The road that runs along the edge of Shangpu village in south China is littered with the hulks of burned-out cars. Farmers have built tents and simple barricades made of rocks and wire. Police have set up their own cordon in a standoff that is approaching two weeks.
The villagers are demanding free elections following yet another government land grab. They say armed thugs sent by their own village chief attacked the community to pave the way for a new factory on their farmland.
This is the second uprising of its kind in Guangdong province in 15 months. The stalemate comes at an awkward time as China's rubber-stamp Parliament opened its annual meeting Tuesday in Beijing. Despite China's tremendous economic progress, the episode underscores the country's continued lack of rule of law and political accountability.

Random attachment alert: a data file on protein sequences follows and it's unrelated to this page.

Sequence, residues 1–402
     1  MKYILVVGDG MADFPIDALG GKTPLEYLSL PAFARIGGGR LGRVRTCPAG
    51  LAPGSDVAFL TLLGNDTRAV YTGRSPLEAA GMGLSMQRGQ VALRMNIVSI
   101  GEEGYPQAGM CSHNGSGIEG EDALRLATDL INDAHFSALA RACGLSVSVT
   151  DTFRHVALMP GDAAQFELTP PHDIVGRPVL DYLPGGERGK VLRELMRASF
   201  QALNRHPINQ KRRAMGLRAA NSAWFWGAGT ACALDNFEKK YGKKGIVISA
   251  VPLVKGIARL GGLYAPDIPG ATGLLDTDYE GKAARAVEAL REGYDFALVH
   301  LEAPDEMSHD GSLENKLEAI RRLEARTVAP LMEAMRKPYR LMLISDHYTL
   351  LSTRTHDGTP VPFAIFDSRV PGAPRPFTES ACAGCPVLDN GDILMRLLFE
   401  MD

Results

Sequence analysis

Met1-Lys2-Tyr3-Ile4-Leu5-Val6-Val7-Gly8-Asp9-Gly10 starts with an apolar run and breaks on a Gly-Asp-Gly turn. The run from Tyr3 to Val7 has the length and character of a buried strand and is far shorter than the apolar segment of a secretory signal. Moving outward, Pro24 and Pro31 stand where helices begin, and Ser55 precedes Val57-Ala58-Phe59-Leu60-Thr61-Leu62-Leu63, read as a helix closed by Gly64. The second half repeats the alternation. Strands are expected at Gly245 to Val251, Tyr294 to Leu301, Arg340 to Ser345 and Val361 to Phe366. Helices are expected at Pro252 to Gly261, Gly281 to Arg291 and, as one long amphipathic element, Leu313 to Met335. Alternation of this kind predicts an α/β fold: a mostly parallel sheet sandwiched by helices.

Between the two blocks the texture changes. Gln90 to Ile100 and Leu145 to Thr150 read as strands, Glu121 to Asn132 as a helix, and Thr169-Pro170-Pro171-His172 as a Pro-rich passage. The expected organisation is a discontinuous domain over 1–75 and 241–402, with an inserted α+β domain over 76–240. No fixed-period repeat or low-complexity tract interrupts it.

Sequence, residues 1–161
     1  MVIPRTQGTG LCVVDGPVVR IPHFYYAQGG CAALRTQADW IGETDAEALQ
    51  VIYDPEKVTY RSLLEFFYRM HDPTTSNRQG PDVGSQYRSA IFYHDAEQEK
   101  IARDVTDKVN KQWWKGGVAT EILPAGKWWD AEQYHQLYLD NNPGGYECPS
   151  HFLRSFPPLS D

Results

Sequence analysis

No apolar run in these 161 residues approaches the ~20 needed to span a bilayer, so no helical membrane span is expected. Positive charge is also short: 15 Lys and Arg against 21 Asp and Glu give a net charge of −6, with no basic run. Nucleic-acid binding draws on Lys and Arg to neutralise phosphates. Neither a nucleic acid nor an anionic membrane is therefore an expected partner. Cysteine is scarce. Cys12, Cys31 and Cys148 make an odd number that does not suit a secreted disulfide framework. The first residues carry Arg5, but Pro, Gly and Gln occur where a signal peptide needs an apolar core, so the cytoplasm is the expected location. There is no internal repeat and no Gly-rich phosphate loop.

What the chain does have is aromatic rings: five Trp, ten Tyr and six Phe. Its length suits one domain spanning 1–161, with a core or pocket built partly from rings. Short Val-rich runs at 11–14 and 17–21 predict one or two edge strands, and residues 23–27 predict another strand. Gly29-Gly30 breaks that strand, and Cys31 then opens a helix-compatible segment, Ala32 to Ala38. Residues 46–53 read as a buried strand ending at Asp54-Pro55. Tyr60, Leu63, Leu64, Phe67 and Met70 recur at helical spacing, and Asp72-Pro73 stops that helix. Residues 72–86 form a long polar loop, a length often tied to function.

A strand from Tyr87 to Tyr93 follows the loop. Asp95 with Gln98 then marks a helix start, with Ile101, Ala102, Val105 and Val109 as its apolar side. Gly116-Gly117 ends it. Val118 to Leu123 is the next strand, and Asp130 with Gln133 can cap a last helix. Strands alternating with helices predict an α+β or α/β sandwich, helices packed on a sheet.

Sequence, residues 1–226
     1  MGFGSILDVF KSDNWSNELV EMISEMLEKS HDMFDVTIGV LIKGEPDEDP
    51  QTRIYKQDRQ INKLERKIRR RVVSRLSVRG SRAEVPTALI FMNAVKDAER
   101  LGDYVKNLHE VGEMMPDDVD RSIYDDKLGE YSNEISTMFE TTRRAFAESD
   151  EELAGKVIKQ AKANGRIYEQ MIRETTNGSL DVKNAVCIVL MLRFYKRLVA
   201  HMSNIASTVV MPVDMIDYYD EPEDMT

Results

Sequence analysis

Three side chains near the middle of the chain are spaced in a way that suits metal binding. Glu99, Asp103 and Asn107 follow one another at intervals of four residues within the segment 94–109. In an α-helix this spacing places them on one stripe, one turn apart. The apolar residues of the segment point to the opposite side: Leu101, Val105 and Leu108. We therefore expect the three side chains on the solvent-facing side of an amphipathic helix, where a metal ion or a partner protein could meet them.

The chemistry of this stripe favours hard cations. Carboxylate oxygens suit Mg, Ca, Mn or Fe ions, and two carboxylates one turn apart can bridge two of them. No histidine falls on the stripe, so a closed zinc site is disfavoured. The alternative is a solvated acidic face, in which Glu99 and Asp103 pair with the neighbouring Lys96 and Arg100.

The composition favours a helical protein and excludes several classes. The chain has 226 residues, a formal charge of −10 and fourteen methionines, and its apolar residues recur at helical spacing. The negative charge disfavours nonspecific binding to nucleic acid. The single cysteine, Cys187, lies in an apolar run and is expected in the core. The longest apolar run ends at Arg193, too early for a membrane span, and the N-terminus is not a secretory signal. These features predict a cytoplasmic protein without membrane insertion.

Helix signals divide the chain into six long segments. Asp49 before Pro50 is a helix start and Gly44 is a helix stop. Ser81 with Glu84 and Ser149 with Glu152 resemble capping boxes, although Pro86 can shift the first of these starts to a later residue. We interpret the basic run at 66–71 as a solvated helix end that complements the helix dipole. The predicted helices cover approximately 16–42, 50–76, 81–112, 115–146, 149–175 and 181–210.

Thugs Sent To Crush Opposition?
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